Untitled (John L. Gallup)

Word was received in Cavour on Monday morning of the death of John W. [sic] Gallup at an Ann Arbor, Mich., hospital. Mr. Gallup has lived at Sears, Michigan, for some six years and was taken to Ann Arbor October 4 and only lived five days, dying the ninth of October.  Mr. Gallup was afflicted with dropsy and suffered terribly. He was well known to old settlers and was at one time Lakeside correspondent for the (then) Journal-World, now State Spirit.  At one time he, together with H.C. Teets, owned the Cavour hotel, selling his interest to Teets and going to Michigan.

Source:  Huron Weekly State Spirit, October 17, 1912.

Needs the Journal-World

Friend Boggs: Will you please send me the back numbers of the Journal-World from say October 25 down to date. If I decide to locate in the east permanently I will let you know my address as I cannot keep house without the J-W., but I expect to return to South Dakota soon.

My health is good; has, I think, improved some in the last two weeks. I am taking treatment from Dr. Chas. Mayo, of Rochester, but he did not think it necessary to operate on me.

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Mr. and Mrs. Rorick Entertain at Dinner

Mr. and Mrs. G.H. Rorick entertained with a three course dinner at their home on LaGrange street, Monday evening, the occasion was the fifteenth wedding anniversary of their son, Cosper Rorick and his wife. The table was very attractive with spring flowers and candles, and covers were marked for Mr. and Mrs. Cosper H. Rorick, Mr. and Mrs. Curtis Rorick, Henry Crane of Fayette, and the host and hostess, Mr. and Mrs. Rorick.

Source: Morenci Observer, February 25, 1926.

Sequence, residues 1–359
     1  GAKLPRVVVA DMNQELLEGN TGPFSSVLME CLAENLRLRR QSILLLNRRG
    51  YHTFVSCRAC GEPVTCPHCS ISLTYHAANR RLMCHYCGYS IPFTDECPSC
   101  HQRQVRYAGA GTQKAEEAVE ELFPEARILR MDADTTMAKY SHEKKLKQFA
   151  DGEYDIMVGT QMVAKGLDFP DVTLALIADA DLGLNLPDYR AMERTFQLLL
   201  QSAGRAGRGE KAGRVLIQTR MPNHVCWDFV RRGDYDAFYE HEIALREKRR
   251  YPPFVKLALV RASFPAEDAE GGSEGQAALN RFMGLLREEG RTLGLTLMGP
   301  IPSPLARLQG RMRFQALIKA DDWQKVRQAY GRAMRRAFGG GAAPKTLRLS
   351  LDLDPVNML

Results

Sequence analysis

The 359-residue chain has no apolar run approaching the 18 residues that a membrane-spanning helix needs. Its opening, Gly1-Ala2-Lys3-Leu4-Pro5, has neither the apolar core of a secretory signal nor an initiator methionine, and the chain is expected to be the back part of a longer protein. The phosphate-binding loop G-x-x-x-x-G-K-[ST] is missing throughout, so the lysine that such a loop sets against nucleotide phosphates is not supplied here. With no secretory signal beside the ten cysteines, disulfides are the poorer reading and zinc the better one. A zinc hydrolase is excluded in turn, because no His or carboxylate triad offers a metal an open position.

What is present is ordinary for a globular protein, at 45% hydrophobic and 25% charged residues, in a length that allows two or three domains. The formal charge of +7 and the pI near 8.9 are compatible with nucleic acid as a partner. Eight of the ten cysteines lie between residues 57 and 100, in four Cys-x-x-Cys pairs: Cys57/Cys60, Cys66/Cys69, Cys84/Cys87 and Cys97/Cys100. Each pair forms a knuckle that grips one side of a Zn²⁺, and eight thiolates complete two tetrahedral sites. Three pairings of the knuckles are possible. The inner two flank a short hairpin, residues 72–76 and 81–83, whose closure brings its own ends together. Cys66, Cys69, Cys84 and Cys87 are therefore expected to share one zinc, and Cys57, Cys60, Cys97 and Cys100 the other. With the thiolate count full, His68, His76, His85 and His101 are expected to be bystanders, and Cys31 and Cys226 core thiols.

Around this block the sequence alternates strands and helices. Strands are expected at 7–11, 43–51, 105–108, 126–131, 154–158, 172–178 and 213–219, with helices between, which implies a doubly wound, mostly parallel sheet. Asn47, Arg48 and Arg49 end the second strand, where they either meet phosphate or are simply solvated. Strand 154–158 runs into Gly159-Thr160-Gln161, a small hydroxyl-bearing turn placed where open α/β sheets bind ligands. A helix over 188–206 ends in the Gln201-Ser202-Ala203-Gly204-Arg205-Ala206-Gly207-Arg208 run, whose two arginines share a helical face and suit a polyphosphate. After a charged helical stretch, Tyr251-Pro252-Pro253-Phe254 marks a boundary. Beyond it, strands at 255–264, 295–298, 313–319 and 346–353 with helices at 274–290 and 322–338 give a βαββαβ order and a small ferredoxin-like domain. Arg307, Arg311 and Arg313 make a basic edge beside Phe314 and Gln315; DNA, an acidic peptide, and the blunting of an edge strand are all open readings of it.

Order of Home Guardians Pays Another Claim.

J.C. Milne, Supreme Field Marshal for the Order of Home Guardians, went down to Cavour on Saturday to play the claim of John Gallup of that place against this Order for total disability.  John was offered two options according to his policy.  He could accept half the value of his certificate now and continue his insurance in force at the rate of assessment on the original certificate or he could cancel his policy receiving the same amount.  He wisely chose the former and will continue to carry his insurance with the Order. As usual the Home Guardians were the first to pay the claim, living up to their reputation of first in prosperity, first in trouble and first to pay.

Source: Daily Huronite, September 29, 1904. 

Birthdays Observed

Four birthday anniversaries were observed Sunday at the home of Mrs. G.H. Rorick on LaGrange street. The birthdays which occurred in the month of February were Curtis Rorick, Miss Leila Rorick, Herbert Rorick and the hostess, Mrs. Rorick. 

A round silver edged mirror reflected the centerpiece of red carnations in a crystal bowl with red candles in silver holders on either side.

Valentine symbols marked the places for Mr. and Mrs. Curtis Rorick and sons Herbert and Marvin, and daughter Catherine, of Seneca, Mr. and Mrs. C.H. Rorick and son, Cosper, and daughters, Margaret and Leila and Henry L. Kennedy.

A birthday cake, with lighted candles and encircled with rose buds, was served at the conclusion of the dinner.

Source: Morenci Observer, February 16, 1939. 

Untitled (Susan Loman Gallup)